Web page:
There are eight years between our eldest and youngest sons (with two girls in between). Our youngest recently turned 13, which means that my husband and I will have spent 15 years – a decade and a half, roughly 5,475 days – parenting teenagers before we tap out in 2024, not that I’m counting.

I actually (mostly) enjoy being the mom of a houseful of young adults and almost-adults. They are smart and interesting, and every day they make me laugh. But whoever told me, all those years ago when I was wrangling a houseful of little ones, that it would get easier was a bold-faced liar.

What I wouldn’t give now to be able to schedule their play dates or coax my kids into submission with just the promise of an extra episode of “Backyardigans.” How I would love to be able to physically move them out of harm’s way or strap them into their carseats and just drive them around until they stop fussing.

Yes, in many ways having small children was easier, and I loved those years. In fact, though I wouldn’t trade my teenagers for all the world, I am one of those moms who would gladly go back and do it all over again. Since I can’t go back, I sometimes have to remind myself that it wasn’t all sunny days and cuddle-time. I have to remind myself that every phase of motherhood has its joys and challenges.

When that doesn’t work, when I’m really longing for the simpler days of life with little children, it helps to stop and think about all the things that weren’t easy about having small ones and all the things I’ll never have to do again now that all my kids are big. Things like:

  • Catch vomit in my hands
  • Be used as a human napkin
  • Simultaneously nurse a baby and feed a squirming toddler
  • Hear “Swiper! No swiping!”
  • Sing “The Wheels on the Bus” all the way to the Gulf Coast
  • Interrupt a conversation to smell another person’s bottom
  • Get up in the middle of the night and step on a wet diaper – or a Lego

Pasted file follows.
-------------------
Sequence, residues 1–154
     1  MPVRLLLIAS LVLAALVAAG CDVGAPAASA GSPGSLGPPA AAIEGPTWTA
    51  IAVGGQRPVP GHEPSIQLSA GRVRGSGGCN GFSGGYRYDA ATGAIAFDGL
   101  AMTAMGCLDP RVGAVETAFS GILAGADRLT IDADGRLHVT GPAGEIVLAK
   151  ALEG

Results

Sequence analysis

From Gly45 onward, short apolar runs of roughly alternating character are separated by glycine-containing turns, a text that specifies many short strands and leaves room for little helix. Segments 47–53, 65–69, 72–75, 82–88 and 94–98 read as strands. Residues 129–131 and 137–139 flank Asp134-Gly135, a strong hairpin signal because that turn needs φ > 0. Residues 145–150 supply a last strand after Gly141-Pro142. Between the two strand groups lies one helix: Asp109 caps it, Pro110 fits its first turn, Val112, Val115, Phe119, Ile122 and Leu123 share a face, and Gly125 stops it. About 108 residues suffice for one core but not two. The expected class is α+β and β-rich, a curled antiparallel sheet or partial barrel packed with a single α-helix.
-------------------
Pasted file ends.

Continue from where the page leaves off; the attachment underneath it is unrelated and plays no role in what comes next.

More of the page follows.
• Fish something out of another person’s mouth
  • Bargain with someone to get her to eat
  • Eat any place that doubles as an arcade
  • Live with the shame of just throwing a towel over the spot in the bed where someone peed in the night
  • Assemble a doll house at one a.m.
  • Have the panicky realization that we’re only an hour into a 10-hour road trip and our car’s DVD player just stopped working
  • Try to sneak money under the pillow and pretend it was there all along
  • Cut grapes in half
  • Hide in my closet to eat the last cookie
  • Hear the words, “Hey kids! Wanna watch a show?” and know that was foreplay
  • Calm someone down who is hysterical because his sock is twisted
  • Go out to dinner with my husband only to eat our meals in shifts
  • Fall asleep reading “Blueberries for Sal”
  • Be frantically shaken awake because I fell asleep reading “Blueberries for Sal”
  • Count to three to get a response
  • Spend half the morning running errands before someone tells me I have spit-up down the back of my shirt
  • Carefully examine the contents of a diaper in hopes of finding that penny
  • Watch even one more episode of Barney

Of course, none of these minor annoyances ever really lessened the joy of parenting small children, just as none of the worry and stress of raising big kids lessens the joy of watching them grow into adults. No, parenting big kids might not be a cakewalk, but I won’t wish even one of those 5,475 days away. I know from experience how quickly they will be over and how much I will wish I could do it all again.